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Why we adopted a homeless local mongrel

Truthfully, we didn’t really start out with a local mongrel in mind.

We went to the SPCA and being law abiding citizens wanted to look at HDB-approved dogs.  The only HDB-approved dogs they had there were two mini schnauzers that looked bedraggled and none too appealing. I had read that they were stubborn and difficult to train and honestly speaking, I didn’t really want a dog with a beard :P

We went to a big pet shop in a neighbouring town. The small puppies there were cute but we were not sure if two people with zero dog experience can successfully bring up a puppy.

We finally decided we should adopt an adult dog that should ideally be toilet-trained, medium energy and around 2 to 3 years of age so that we have many years with the dog. Should we have a child, we certainly did not want a dog that will die of old age that soon and traumatise the poor child at age 7, for example. Yes, you may accuse us of over-thinking things.

With that in mind, I googled local shelters and wrote to them. The organisations replied speedily. I was asked to provide ASD with a shortlist of dogs on their website as some were fostered out and need to be fetched back if we would like to view them. Gentle Paws appeared not to have this problem and simply directed us to where they were located so we could view the dogs. Since we had no opinion on any dog on the websites, it was simply easier to visit Gentle Paws first and hopefully have somebody who could help us through the process of finding the right dog.

Gentle Paws turned out to be a busy hive that mothers mostly strays and mongrels. I am not the most confident of people so it was easy to feel overwhelmed and out of place when you are a visitor and everyone else seemed to know what they are about here. As shared in How Donna came to us, we couldn’t really differentiate the dogs and had no strong opinion on any of them. We almost left without a conclusion, which meant we probably would have followed up with ASD and perhaps ended up with a different dog if that was the case.  For all you know we may have ended up with a known HDB-approved breed or ended up as one of those pilot guinea pigs in Project Adore. Or we could have gone on to The Rehomers or The Animal Lovers League and on and on until we found a dog or gave up.

But Florence intervened and introduced Donna to us. When she was not over-excited, Donna was really docile and tractable. And of course, Florence was very good at selling how smart and trainable Donna is, etc, etc. Between ourselves, we figured she was probably a good intro to Dog 101 for total noobs like us.  And so the rest is history.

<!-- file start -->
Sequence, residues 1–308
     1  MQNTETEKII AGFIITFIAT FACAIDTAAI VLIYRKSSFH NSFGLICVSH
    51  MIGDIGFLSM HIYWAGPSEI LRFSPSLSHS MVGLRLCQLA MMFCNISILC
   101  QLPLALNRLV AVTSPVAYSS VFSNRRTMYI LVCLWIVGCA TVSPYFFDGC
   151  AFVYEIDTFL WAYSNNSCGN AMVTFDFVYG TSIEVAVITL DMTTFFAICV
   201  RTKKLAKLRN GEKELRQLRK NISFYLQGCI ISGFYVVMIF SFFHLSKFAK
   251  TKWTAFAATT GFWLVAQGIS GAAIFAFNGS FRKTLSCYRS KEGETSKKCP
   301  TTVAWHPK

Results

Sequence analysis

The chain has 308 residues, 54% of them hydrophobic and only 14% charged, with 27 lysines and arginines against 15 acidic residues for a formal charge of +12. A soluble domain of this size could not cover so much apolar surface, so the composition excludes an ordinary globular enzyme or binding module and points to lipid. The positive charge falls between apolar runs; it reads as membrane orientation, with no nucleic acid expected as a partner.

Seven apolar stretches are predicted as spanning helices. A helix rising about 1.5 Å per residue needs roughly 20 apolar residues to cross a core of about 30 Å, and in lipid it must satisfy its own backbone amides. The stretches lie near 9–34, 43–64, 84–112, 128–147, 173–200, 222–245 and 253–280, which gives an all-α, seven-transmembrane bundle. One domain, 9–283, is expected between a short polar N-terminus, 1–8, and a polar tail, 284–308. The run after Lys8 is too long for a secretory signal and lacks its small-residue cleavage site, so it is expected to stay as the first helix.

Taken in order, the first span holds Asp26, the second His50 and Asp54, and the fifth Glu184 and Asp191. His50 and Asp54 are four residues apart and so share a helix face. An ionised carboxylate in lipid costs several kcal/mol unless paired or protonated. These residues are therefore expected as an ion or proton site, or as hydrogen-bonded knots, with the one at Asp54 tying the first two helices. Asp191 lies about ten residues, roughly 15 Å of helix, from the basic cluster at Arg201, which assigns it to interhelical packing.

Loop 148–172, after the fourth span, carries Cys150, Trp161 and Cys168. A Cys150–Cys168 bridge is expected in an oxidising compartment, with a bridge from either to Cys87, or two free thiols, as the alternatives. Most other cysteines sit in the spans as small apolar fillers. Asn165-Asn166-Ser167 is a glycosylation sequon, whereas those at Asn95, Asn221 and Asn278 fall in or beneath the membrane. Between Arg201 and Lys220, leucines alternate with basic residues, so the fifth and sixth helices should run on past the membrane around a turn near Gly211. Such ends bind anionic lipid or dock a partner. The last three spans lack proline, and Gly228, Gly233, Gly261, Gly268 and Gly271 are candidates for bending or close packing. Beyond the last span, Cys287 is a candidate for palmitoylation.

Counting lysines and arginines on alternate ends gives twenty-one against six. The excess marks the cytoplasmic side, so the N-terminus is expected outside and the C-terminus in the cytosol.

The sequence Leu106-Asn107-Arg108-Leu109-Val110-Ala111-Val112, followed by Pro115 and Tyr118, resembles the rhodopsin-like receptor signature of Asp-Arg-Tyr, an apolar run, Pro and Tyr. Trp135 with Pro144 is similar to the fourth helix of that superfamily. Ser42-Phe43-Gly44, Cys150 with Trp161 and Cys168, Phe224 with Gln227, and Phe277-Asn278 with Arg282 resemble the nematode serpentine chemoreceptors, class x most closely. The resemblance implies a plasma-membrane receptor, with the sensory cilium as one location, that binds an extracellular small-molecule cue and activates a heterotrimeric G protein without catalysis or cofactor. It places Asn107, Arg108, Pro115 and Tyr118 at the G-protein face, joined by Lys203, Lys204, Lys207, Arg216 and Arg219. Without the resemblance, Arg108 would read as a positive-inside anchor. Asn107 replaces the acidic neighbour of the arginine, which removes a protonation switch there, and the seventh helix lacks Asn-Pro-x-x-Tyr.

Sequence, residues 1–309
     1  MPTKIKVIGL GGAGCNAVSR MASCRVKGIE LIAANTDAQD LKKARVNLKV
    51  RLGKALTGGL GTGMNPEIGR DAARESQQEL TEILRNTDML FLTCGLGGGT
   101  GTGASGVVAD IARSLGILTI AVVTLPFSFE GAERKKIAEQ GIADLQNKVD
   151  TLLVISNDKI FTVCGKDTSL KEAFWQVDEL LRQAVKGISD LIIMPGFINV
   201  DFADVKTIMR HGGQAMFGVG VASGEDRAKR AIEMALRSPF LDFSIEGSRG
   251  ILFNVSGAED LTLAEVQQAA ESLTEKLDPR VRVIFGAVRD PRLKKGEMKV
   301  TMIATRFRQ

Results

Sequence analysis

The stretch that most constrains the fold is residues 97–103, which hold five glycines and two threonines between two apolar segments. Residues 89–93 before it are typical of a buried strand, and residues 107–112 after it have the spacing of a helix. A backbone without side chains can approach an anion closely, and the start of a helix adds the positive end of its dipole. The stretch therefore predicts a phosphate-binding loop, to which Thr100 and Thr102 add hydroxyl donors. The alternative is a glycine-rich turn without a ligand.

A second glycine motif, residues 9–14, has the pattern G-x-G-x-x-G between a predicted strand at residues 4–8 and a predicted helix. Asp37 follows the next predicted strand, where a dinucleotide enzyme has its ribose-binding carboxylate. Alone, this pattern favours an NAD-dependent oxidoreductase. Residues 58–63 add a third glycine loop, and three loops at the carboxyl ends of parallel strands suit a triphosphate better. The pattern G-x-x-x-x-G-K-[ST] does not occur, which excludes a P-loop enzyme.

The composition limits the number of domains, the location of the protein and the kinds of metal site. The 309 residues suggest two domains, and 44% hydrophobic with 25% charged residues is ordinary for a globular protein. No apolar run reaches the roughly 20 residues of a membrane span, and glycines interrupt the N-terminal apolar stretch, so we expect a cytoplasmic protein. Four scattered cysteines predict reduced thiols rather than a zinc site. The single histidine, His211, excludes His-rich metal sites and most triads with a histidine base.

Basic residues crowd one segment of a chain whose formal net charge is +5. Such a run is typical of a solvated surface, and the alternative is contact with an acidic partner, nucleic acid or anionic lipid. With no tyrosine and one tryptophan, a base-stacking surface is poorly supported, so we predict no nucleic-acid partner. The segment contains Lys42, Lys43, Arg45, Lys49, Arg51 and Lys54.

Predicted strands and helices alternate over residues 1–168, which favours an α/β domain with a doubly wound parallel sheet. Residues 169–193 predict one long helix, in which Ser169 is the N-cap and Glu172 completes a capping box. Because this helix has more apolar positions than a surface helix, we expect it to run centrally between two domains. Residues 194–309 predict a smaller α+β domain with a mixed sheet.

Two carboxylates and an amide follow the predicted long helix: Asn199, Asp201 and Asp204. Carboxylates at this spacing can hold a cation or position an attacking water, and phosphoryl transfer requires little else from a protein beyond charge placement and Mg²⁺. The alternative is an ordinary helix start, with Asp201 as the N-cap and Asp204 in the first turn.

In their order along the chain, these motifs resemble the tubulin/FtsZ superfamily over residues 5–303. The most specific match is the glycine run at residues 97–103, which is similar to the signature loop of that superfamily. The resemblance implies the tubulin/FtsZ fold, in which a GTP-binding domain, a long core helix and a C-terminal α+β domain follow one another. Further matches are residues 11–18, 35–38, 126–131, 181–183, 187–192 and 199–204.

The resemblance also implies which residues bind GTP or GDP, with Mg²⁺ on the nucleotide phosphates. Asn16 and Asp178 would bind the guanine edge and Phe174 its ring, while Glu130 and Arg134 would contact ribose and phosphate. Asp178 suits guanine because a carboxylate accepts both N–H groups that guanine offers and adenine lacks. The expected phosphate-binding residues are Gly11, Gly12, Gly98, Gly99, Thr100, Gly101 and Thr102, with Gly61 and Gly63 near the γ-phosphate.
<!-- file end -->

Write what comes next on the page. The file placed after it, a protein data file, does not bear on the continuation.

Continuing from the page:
And there you have it. We didn’t set out to adopt a mongrel, but HDB-approved breeds in our target age range meeting our criteria seemed almost nil in the shelters we visited at that point in time. The availability or lack of guidance in the selection of dogs for total dog newbies like us also led to us favouring one organisation over another. And if that organisation had 100% medium and large breeds that are not HDB-approved, that is just the luck of the draw for us.

Of course, we could have persisted in waiting or continued with ASD or other organisations. But here is a perfectly good dog awaiting to be adopted, behaves even better than that beagle that always barks at us from the 6th floor balcony or the dachshund at the park that escaped from its owner to chase a cat. Why should we wait when we are all ready to get on with our lives.


Donna is by default an Ikea fan


Girl-dogs don’t bite!


  1. What a fun looking little girl! She isn’t a ‘mongrel’ by the way, she’s a Perfection Hound – a little bit of the best of a lot of things :)

  2. That’s the first time I’ve heard of the term “perfection hound”, I will be sure to use it :P And we are lucky to have her :) Thank you for your kind thought!

  3. Love your story so much! Thanks for sharing, I have adopted five dogs. Each dog (even the two pure breed AKC keeshonds) were not perfect. In fact, if Dawn and Nabisco had been perfect, they would have spent their lives in dog shows, instead of being our beloved pets. We were lucky that keeshonds have not been overbred, they had no health problems and lived long lives.

    Mutts surprise people in being healthier, calmer in temperament and willing to please.

    Looks like you got the perfect dog. She’s so cute!

  4. I had to google keeshonds since I have no idea what they look like :P so fluffy! And I’m glad your cute keeshonds lived a long and happy life and can only hope the same for Donna!

    Our cousin does have a harder time with her mongrel because it is still a puppy. I’m wondering if it is not so much the breed or type of dog but rather the age of the dog that influences how calm a dog is.

    Thank you for sharing with me your kind comment as well :) Lets me know I am not boring people with my long winded posts hahaha! :D Have a great day, live well ;)

  5. Oh, I do love her smiles. She is so adorable and whether a mongrel (I prefer mixed breed) or as I see, the new word is “Perfection Hound” – that sounds so classy – you can be sure she would be much healthier than a pure bred. Cesar Milan is correct when he says that dogs reacts to the energy surrounding them. They are way much more intelligent than we give them credit and also very, very sensitive. I am so glad she found such loving and caring parents. :) *hugs*

    • Thank you for thinking so kindly of us! We don’t know what breeds she decided from so mongrel is technically the most fitting term. Mongrel or not, we are lucky to find her!

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